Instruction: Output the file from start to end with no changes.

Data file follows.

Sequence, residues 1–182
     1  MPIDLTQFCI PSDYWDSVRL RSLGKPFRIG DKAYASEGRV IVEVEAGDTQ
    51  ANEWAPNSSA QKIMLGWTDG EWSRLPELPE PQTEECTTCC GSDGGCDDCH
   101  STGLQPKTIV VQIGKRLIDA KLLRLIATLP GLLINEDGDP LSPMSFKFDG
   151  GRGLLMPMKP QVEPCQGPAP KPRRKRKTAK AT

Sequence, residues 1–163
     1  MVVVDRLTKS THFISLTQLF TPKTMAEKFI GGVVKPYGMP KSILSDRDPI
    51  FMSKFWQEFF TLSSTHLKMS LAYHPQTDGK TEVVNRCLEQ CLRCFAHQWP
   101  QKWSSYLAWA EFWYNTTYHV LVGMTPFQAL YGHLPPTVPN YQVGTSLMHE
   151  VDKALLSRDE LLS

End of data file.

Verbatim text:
Sequence, residues 1–182
     1  MPIDLTQFCI PSDYWDSVRL RSLGKPFRIG DKAYASEGRV IVEVEAGDTQ
    51  ANEWAPNSSA QKIMLGWTDG EWSRLPELPE PQTEECTTCC GSDGGCDDCH
   101  STGLQPKTIV VQIGKRLIDA KLLRLIATLP GLLINEDGDP LSPMSFKFDG
   151  GRGLLMPMKP QVEPCQGPAP KPRRKRKTAK AT

Sequence, residues 1–163
     1  MVVVDRLTKS THFISLTQLF TPKTMAEKFI GGVVKPYGMP KSILSDRDPI
    51  FMSKFWQEFF TLSSTHLKMS LAYHPQTDGK TEVVNRCLEQ CLRCFAHQWP
   101  QKWSSYLAWA EFWYNTTYHV LVGMTPFQAL YGHLPPTVPN YQVGTSLMHE
   151  VDKALLSRDE LLS